As a vocal STEM advocate at events, like Inspirefest earlier this year, he is also the co-founder of Dublin Maker and has written recently of his efforts “to create events that support the maker communities in Ireland”.
8. Mary Moloney
As CEO of the successful CoderDojo Foundation, Mary Moloney has built upon the great work begun by James Whelton and Bill Liao in 2011, and furthered by the founding of CoderDojo Girls by Sarah Doran, Niambh Scullion and Noel King in 2013.
Moloney became familiar with CoderDojo when her then nine-year-old son attended coding classes and she was inspired to set a dojo up in Sandyford. Today, CoderDojo has grown to more than 850 dojos operating in 62 countries worldwide. Within Europe alone, CoderDojo classes reach more than 25,000 students.
Moloney is an experienced senior executive, having held a number of lead positions at Accenture and clients of Accenture’s, including partner, managing director and multiple C-suite positions. She is also involved in non-profit initiatives such as the Dublin Fringe Festival, Institute of International & European Affairs and the European Women’s Network.
9. Sean O’Sullivan
Sean O’Sullivan is one of Ireland’s best-known entrepreneurs, with a history in tech eventually culminating with a spot on the TV show Dragons’ Den. Founder and MD of SOSV, O’Sullivan’s history with MapInfo and NetCentric made him his name, but it’s for what he has created in LearnStorm Ireland, the all-Ireland maths challenge, that we note his work as a game-changer.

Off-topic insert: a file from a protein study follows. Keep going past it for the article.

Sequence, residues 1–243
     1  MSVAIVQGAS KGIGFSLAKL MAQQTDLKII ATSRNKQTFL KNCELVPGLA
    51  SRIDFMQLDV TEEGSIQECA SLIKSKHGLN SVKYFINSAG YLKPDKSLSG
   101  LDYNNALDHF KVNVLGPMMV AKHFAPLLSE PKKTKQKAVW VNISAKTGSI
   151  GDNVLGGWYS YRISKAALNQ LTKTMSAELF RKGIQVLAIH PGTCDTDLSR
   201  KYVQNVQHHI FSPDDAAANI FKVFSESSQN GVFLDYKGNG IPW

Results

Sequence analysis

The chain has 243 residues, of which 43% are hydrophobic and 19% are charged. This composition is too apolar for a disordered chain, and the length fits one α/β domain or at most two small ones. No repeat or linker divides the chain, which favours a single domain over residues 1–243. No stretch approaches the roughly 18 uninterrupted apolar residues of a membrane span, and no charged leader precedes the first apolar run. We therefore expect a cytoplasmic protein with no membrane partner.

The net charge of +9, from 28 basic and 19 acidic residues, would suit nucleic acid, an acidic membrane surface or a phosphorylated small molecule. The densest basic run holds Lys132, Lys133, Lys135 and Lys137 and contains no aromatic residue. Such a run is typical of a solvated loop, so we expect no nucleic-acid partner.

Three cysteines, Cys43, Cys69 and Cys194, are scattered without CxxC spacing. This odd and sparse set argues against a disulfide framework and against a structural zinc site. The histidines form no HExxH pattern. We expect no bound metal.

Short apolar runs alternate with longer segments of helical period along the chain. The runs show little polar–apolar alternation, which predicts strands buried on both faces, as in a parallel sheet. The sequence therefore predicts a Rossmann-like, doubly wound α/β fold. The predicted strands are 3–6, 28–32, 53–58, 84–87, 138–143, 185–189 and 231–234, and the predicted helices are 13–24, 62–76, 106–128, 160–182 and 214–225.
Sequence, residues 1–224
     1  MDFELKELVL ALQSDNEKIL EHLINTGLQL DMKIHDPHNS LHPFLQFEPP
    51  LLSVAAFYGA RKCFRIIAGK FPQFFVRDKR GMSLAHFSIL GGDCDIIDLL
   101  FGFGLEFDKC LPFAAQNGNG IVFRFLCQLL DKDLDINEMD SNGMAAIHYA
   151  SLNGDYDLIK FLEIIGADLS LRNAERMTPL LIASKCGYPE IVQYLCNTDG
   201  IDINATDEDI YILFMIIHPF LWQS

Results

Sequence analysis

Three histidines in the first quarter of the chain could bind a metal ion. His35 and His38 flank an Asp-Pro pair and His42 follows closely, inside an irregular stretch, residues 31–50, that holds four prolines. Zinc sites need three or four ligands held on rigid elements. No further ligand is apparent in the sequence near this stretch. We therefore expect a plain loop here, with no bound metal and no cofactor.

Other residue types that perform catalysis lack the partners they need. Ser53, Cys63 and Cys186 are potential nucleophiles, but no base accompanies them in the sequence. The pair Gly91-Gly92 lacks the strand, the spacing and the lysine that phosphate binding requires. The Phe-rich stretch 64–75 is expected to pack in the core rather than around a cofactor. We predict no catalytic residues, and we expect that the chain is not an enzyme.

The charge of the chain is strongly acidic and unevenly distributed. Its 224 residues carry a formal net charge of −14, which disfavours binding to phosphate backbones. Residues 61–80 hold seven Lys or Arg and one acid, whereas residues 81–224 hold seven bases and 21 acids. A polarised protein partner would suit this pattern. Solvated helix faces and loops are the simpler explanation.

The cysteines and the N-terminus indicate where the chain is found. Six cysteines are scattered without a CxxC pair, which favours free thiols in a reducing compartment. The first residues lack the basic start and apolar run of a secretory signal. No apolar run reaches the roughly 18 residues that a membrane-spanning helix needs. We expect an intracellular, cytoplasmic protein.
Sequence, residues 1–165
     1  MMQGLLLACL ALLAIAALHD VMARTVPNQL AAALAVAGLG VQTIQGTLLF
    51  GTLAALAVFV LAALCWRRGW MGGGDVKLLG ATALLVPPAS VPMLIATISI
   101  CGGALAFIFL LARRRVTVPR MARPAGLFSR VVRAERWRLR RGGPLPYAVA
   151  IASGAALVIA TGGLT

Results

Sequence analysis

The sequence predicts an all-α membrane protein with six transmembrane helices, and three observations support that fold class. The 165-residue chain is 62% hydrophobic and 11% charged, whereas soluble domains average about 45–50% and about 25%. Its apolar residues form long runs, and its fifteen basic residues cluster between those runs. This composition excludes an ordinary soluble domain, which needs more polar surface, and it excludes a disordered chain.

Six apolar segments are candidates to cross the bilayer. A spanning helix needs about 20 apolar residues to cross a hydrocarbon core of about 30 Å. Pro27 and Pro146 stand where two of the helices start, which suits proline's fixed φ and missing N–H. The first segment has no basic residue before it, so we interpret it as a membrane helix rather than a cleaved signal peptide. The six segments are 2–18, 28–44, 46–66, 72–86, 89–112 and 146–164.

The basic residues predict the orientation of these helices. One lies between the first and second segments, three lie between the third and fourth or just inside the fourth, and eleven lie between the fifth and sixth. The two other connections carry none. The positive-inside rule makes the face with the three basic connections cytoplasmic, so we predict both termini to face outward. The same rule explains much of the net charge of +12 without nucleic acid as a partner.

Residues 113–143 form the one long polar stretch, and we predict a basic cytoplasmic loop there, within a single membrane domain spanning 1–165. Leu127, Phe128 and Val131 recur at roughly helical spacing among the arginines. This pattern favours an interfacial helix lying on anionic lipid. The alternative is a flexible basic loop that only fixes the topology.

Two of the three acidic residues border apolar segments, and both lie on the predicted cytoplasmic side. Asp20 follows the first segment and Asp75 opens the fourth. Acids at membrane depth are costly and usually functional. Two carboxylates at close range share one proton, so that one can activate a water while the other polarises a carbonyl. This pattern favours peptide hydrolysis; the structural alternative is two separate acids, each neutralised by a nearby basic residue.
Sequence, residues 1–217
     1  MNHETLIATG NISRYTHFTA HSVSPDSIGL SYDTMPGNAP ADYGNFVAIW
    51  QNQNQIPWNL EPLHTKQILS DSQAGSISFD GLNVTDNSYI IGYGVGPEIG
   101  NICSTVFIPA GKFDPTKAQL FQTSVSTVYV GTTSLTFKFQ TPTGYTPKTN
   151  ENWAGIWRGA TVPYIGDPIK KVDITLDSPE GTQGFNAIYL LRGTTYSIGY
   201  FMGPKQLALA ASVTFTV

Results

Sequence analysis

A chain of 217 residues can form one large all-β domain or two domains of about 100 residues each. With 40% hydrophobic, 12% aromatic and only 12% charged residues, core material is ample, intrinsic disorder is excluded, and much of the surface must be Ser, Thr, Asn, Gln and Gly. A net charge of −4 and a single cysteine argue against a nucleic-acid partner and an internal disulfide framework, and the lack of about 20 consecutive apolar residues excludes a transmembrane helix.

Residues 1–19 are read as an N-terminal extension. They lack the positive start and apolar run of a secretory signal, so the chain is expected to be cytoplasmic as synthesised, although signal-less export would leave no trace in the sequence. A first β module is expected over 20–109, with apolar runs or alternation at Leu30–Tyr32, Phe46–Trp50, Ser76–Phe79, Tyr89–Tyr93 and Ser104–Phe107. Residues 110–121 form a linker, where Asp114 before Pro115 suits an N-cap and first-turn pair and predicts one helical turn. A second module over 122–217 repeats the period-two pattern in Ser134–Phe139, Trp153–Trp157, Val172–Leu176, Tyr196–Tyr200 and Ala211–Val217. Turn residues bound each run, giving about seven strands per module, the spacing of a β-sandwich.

Originally called Mathletes, the challenge was started three years ago by O’Sullivan and Khan Academy, a not-for-profit on a mission to provide a free, world-class education for anyone, anywhere. This year’s competition has just been launched, with a €20,000 prize fund for students and schools up for grabs.
10. Vicky Twomey-Lee
Vicky Twomey-Lee has an impressive number of strings to her bow. With a background in software engineering and a deep love of Python, Twomey-Lee was destined to get heavily involved in programming circles. Her passion led to her involvement with Python Ireland, and the related PyCon Ireland, as well as inspiring her to found PyLadies Dublin, the first PyLadies chapter in Ireland.
A champion of diversity in tech, Twomey-Lee is also co-founder, co-organiser and mentor at Coding Grace, providing friendly adult workshops for those who want to learn about coding and other technologies. She is also a director of the recently launched Women Who Code Dublin.
Her advocacy for change doesn’t stop at gender diversity, however, as she also encourages young coders to embrace a diversity of technologies and languages in order to stand out to employers.
Fireworks image via Shutterstock
Disclosure: SOSV is an investor in Silicon Republic